Each loss makes it tougher and tougher for Air Force Academy Athletic Director Hans Mueh to explain to a growing number of critics why men’s basketball coach Jeff Reynolds should return next season.
Last year, in his second season as head coach, Reynolds’ team didn’t win a regular season conference game, although Air Force did beat Colorado State in the play-in game of the Mountain West Conference tournament. This season hasn’t gone much better. Halfway through the conference schedule, the Falcons have just one win — over equally awful Wyoming.
Mueh has heard the calls for a new coach. After Action wrote in its season preview that if the losing continued Mueh would be justified in relieving Reynolds of his duties. However, Mueh told the Denver Post in January he still supports Reynolds and thinks he is guiding the program in the right direction.
“People send me nasty-grams, saying I should fire the coach,” Mueh told the Post. “This is his third season. He had a winning season his first year. I’m probably more patient than some of our fans. But most of our fans still are with us.”
Some fans are, but many are leaving in droves as the losing continues. Over the past three years, average attendance has dropped from 5,100, when a postseason trip to the NIT or NCAA Tournament was a regular occurrence, to 2,800.
And that’s just it. It’s not like Reynolds took over a rebuilding project in Colorado Springs. He took over a program that had made the NIT once and the NCAA Tournament twice in the four seasons before he got the head job. He should know: He was an assistant at Air Force for two of those years.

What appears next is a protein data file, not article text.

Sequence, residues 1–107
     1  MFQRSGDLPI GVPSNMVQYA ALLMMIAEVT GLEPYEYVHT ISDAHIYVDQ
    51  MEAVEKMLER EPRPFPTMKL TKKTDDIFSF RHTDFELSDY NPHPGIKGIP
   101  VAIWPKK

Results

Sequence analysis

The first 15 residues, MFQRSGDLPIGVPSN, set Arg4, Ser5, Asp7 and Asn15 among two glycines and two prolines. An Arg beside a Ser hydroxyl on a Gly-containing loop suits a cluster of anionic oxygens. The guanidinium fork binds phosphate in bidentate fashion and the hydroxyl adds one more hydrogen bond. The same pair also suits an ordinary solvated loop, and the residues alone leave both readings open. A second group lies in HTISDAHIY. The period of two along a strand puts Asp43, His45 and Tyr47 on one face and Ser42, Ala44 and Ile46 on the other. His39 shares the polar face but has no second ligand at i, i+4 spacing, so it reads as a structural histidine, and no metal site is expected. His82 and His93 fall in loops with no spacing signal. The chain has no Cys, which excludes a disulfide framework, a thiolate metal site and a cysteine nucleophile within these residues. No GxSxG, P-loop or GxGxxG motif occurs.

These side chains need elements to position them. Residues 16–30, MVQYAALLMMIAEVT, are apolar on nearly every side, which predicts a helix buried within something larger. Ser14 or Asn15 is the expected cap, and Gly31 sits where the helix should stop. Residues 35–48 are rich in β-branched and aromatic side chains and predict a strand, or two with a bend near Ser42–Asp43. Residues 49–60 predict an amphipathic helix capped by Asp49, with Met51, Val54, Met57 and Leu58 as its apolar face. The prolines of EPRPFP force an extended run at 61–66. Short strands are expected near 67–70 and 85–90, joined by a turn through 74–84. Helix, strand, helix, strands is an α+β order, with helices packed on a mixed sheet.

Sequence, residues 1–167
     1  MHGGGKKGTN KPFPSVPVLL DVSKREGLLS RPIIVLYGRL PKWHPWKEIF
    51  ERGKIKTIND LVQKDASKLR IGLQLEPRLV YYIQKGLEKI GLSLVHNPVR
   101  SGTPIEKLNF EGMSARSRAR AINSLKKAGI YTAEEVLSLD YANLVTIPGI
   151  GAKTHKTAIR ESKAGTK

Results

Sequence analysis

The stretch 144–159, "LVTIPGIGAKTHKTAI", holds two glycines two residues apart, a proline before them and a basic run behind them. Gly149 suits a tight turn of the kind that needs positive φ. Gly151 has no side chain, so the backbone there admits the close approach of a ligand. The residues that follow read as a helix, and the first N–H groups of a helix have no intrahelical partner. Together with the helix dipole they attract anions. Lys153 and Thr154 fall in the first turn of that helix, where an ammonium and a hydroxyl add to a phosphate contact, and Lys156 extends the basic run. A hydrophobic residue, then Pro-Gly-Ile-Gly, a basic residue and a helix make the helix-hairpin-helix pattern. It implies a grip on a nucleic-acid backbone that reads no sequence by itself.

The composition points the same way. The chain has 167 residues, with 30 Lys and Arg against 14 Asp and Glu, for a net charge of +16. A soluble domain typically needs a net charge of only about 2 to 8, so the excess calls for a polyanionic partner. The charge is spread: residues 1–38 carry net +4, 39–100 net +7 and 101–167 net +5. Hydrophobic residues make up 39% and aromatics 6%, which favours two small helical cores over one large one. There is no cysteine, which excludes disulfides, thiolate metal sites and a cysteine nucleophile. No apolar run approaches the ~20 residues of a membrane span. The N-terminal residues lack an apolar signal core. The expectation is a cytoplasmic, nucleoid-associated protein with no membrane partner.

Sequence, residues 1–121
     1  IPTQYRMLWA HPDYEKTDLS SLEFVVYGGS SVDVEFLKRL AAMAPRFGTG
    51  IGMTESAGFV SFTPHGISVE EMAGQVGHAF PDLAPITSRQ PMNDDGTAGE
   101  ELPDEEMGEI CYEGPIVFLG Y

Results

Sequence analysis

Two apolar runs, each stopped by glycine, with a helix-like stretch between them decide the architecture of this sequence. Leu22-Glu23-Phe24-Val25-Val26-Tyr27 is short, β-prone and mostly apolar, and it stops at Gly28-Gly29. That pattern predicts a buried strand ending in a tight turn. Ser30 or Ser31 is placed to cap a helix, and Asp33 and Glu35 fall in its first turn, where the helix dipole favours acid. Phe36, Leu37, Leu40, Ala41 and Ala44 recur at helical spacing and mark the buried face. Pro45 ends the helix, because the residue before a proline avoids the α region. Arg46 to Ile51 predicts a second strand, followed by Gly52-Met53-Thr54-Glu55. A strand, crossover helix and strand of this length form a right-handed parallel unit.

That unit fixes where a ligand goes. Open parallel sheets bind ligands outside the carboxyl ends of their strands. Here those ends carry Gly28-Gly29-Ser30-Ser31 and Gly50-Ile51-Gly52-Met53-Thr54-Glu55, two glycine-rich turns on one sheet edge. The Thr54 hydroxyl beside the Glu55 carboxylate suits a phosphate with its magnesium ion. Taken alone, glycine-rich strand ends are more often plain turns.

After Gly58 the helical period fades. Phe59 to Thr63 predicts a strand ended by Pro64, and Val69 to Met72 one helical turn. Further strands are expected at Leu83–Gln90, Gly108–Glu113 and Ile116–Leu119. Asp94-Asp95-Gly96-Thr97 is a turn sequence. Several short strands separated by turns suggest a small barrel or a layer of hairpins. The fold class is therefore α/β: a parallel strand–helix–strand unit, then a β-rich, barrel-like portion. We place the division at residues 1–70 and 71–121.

It made sense at the time to promote from within, since coaching a service academy team is such a unique challenge and the team had so much recent success. The Falcons, though, are just 35-49 overall and 9-33 in conference play since Reynolds was promoted.
Mueh points to the team’s 16-14 record in Reynolds’ first year as a positive sign, but the team has since fallen off the cliff. The Falcons have won just one Mountain West regular season game in two seasons. It’s like watching someone drive down the wrong side of the highway and the guy in the passenger seat just nodding to the other cars blaring their horns at him to turn around.
Reynolds and Mueh pointed to this year as one that would prove to antsy alums the program is turning around. But the team has been blitzed by a litany of injuries to key players. Concussions — a fairly uncommon injury for basketball — have plagued the Falcons all year.
Injuries or not, the losing has led Colorado Springs Gazette columnist David Ramsey to blame Reynolds for watching over the destruction of a once successful program.
“Reynolds is nearing the end of his third season as head coach, and I’m still waiting to see his positive imprint on the program. So far, almost everything I see is regression,” Ramsey writes.
An official from another team who scouted the Falcons this year agreed with Ramsey’s assertions that Reynolds has failed to properly teach the complex Princeton offense, which Reynolds’ two predecessors also used to make up for talent gaps on the roster.
“The players don’t run it nearly as well or as disciplined as they used to and that has to be blamed on coaching,” said the official, who asked not to be named because of the sensitivities of criticizing another coach.
Air Force has set a high bar for its basketball program, much higher than its fellow service academies who play in the far less competitive Patriot League (compared to the Mountain West). Allowing the program to fall from the peaks it had reached under former coaches Jeff Scott and Jeff Bzdelik is a dangerous precedent to set.
The team could bounce back once it gets healthy and once a freshman class, which was ranked 61st nationally by recruiting analysts, hits its stride. But another one- or two-win conference season should be unacceptable for the Falcons, who used to be in the discussion for conference championships.